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reset

[v. ree-set; n. ree-set] /v. riˈsɛt; n. ˈriˌsɛt/
verb (used with object), reset, resetting.
1.
to set again:
to reset an alarm clock.
2.
to set back the odometer on (an auto or other vehicle) to a lower reading:
a used-car dealer charged with resetting his cars.
verb (used without object), reset, resetting.
3.
to become set again:
The alarm bell resets automatically.
noun
4.
the act of resetting.
5.
that which is reset.
6.
a plant which is replanted.
7.
a device used in resetting an instrument or control mechanism.
Origin
1645-1655
1645-55; re- + set
Related forms
resettable, adjective
resetter, noun
Dictionary.com Unabridged
Based on the Random House Dictionary, © Random House, Inc. 2014.
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British Dictionary definitions for resettable

reset1

verb (transitive) (riːˈsɛt) -sets, -setting, -set
1.
to set again (a broken bone, matter in type, a gemstone, etc)
2.
to restore (a gauge, dial, etc) to zero
3.
Also clear. to restore (the contents of a register or similar device) in a computer system to zero
noun (ˈriːˌsɛt)
4.
the act or an instance of setting again
5.
a thing that is set again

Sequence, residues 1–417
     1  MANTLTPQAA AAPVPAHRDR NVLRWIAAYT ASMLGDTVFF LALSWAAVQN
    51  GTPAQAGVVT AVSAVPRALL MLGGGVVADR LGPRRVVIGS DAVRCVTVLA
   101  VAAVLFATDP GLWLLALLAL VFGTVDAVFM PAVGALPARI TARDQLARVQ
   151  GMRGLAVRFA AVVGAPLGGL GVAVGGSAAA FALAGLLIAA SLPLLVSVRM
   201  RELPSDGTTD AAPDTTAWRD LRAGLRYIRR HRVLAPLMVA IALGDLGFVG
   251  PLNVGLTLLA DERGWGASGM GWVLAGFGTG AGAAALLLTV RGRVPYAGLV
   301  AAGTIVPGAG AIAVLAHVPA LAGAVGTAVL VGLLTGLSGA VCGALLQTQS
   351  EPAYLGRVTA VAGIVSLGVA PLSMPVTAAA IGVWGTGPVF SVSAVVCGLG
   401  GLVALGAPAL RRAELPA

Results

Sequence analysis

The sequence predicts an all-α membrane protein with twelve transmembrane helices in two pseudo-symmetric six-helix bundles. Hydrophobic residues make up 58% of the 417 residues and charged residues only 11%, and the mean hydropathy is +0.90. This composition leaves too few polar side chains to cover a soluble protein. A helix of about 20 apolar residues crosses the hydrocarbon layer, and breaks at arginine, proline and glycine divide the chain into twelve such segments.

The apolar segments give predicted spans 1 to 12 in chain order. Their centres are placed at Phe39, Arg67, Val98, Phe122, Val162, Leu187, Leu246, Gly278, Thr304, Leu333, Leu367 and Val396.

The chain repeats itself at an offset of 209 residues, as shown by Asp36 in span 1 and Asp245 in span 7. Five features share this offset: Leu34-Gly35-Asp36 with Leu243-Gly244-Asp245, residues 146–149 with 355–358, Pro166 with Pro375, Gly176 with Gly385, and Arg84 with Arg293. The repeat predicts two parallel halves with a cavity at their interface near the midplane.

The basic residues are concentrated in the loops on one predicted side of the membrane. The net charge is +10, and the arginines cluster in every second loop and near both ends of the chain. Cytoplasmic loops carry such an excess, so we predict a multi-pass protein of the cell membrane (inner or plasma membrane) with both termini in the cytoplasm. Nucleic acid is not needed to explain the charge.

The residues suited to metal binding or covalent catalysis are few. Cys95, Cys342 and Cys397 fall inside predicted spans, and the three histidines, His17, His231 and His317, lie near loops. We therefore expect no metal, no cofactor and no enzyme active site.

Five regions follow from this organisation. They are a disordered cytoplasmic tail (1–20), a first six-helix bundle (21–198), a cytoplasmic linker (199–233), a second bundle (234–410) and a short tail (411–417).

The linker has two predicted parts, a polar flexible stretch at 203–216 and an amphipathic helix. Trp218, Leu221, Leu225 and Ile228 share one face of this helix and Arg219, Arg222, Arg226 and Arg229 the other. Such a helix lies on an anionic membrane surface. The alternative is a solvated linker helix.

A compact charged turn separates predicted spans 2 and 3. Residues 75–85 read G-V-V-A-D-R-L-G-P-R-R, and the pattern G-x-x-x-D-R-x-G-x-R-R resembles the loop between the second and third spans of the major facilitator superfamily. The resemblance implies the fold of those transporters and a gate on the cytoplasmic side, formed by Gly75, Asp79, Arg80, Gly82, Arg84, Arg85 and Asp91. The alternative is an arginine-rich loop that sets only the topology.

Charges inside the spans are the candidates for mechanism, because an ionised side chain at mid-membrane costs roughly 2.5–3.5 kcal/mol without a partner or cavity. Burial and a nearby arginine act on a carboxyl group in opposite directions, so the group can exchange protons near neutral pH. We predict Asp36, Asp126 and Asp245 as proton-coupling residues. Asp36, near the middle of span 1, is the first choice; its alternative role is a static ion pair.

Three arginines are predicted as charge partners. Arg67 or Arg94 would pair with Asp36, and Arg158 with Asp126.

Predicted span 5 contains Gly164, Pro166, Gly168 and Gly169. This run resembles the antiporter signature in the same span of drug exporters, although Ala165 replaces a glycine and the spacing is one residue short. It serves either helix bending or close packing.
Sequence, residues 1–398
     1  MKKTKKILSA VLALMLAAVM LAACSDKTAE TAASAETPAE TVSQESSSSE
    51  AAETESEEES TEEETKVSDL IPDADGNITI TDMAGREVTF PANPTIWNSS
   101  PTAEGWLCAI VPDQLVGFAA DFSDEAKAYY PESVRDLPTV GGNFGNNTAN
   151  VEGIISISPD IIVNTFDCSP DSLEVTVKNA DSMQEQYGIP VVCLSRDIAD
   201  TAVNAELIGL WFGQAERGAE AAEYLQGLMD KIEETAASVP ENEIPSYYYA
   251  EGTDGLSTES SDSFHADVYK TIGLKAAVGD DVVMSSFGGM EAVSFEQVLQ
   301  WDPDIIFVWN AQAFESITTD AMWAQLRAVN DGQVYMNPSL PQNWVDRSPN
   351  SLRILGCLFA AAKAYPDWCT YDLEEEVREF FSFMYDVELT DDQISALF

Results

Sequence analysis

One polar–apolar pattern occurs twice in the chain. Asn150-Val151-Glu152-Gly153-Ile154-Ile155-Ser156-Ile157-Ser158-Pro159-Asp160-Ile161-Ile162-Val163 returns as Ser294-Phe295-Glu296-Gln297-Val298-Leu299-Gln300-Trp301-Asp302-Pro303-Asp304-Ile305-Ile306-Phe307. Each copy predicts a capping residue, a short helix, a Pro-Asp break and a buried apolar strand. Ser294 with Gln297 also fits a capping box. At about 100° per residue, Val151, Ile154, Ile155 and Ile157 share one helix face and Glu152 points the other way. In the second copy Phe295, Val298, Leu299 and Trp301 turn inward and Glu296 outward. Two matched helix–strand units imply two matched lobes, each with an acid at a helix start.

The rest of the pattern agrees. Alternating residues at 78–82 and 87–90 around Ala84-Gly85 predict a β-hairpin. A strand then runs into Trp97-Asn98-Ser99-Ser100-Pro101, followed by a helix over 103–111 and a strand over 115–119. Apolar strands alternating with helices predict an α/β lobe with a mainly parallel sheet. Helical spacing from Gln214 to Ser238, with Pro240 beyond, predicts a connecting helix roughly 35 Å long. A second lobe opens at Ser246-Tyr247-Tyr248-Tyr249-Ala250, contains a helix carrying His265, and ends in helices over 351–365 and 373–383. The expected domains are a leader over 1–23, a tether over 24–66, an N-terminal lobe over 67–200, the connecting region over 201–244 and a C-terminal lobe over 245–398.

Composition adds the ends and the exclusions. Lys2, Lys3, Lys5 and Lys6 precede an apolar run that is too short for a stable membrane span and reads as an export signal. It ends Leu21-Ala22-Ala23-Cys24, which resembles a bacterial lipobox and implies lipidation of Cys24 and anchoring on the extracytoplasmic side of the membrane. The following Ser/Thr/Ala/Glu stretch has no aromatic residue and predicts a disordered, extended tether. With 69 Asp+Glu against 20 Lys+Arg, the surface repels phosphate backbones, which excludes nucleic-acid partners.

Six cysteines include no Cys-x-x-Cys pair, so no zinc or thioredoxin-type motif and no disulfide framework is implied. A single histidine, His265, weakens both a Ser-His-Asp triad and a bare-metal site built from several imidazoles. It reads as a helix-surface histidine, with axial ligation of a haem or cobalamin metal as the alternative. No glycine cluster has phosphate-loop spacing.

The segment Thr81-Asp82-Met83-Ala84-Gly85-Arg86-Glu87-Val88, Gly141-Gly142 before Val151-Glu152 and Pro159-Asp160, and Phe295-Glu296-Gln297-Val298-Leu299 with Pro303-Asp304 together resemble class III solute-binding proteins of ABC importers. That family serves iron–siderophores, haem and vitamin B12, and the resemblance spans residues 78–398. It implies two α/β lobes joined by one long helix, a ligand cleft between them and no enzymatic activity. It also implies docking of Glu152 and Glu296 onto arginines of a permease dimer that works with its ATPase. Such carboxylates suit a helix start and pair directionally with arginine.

6.
a plant that has been recently transplanted
7.
a device for resetting instruments, controls, etc
Derived Forms
resetter, noun

reset2

verb (riːˈsɛt) -sets, -setting, -set
1.
to receive or handle goods knowing they have been stolen
noun (ˈriːˌsɛt)
2.
the receiving of stolen goods
Derived Forms
resetter, noun
Word Origin
C14: from Old French receter, from Latin receptāre, from recipere to receive
Collins English Dictionary - Complete & Unabridged 2012 Digital Edition
© William Collins Sons & Co. Ltd. 1979, 1986 © HarperCollins
Publishers 1998, 2000, 2003, 2005, 2006, 2007, 2009, 2012
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Word Origin and History for resettable

reset

v.

also re-set, 1650s, "place (a gem) in a new setting," from re- + set (v.). Related: Resetting. Meaning "cause a device to return to a former condition" is from 1847; intransitive sense from 1897. As a noun, from 1847.

Online Etymology Dictionary, © 2010 Douglas Harper
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